Stress is a normal part of being human. A moderate amount helps us function better and think creatively. Thus, the goal shouldn’t be to eliminate stress but to prevent it from hitting abnormal levels. Like they say, too much bad will kill you. This holds true for stress as it is a common root for many mental disorders.
Stress may be inevitable but you have control over how you deal with it. Check out these relaxation techniques for stress relief.
Deep breaths. Notice that when you’re stressed out your friend tells you to breathe for a minute? It’s because breathing is a tried and true technique in anxiety and stress management. The best part is– you can do it on your own any time and anywhere. You just find a quiet corner and for 10 minutes, you focus on your breathing.
Start by sitting comfortably and placing one hand over your stomach and the other on your chest. Breathe in through your nose and feel your stomach move a little more than your chest would. Then, exhale through your mouth; release as much air as you can. Feel your stomach contract. The hand on your chest should stay in place and allow more movement in the abdomen.
Progressive muscle relaxation. Stress often comes with tension in the muscles. The goal of progressive muscle relaxation is to get rid of stress by tensing and relaxing different muscle groups. Sounds easy? You’re right. It is. Here’s how you can do it.
First, focus on your breathing. Then, slowly squeeze the muscles in your hands (or whichever muscle group you want to begin with). As you do so, take a deep breath. Hold it for a few seconds…. And release. Relax your muscles at the same time you breathe out. Do this repeatedly– on your shoulders, legs, etc. That should release all the stresses from your body.
Guided imagery. Have you ever tried “going to your happy place” when you felt overburdened by the events in your life? You may have already practiced guided imagery. According to Harvard Health Publishing, it is a type of relaxation technique that encourages you to think of places that are soothing and personally significant. Here’s how it usually goes:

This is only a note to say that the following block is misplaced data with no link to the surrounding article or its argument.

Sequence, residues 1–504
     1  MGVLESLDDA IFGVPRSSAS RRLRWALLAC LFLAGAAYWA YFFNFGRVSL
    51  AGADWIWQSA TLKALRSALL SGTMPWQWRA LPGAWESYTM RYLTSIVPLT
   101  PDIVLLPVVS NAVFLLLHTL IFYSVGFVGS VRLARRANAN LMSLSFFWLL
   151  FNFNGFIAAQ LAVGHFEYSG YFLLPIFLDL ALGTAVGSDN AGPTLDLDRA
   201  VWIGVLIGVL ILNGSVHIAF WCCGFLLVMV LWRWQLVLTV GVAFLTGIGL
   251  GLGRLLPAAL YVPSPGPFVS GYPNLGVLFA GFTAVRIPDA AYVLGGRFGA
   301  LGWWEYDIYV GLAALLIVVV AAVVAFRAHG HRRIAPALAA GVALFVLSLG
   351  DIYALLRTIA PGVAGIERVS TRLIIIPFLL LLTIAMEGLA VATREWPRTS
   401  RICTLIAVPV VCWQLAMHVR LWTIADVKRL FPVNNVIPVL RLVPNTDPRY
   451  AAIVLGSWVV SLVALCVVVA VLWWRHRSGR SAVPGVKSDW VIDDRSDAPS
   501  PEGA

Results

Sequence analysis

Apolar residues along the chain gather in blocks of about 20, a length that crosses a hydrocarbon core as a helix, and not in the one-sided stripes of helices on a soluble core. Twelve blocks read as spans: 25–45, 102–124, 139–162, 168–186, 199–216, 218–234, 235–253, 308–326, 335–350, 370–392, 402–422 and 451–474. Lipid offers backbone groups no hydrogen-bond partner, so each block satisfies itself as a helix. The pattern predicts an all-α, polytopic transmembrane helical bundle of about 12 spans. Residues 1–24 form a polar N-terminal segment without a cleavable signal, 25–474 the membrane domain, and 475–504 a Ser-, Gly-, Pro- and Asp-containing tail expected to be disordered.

You think of a place that soothes you. Make sure to visualize it with as many sensory details as possible. Think of how the scene would look and feel– what colors do you see, what do you smell, and what sounds are dominant? Exhaust all five of your senses. Don’t just think about it. Live in it.
Guided imagery is greatly beneficial in minimizing pain and relieving stress. It is mostly used by patients post-surgery and individuals with sleeping problems.
Start incorporating these relaxation techniques into your everyday life. Good health doesn’t only rely on physical wellness efforts such as a balanced diet and regular exercise. Part of it is consists of mental exercises, emotional regulation, and conscious effort to avoid harmful responses to stressful situations.
If you feel as though relaxation techniques just won’t cut it for you, then it’s best if you seek advice from a mental health professional.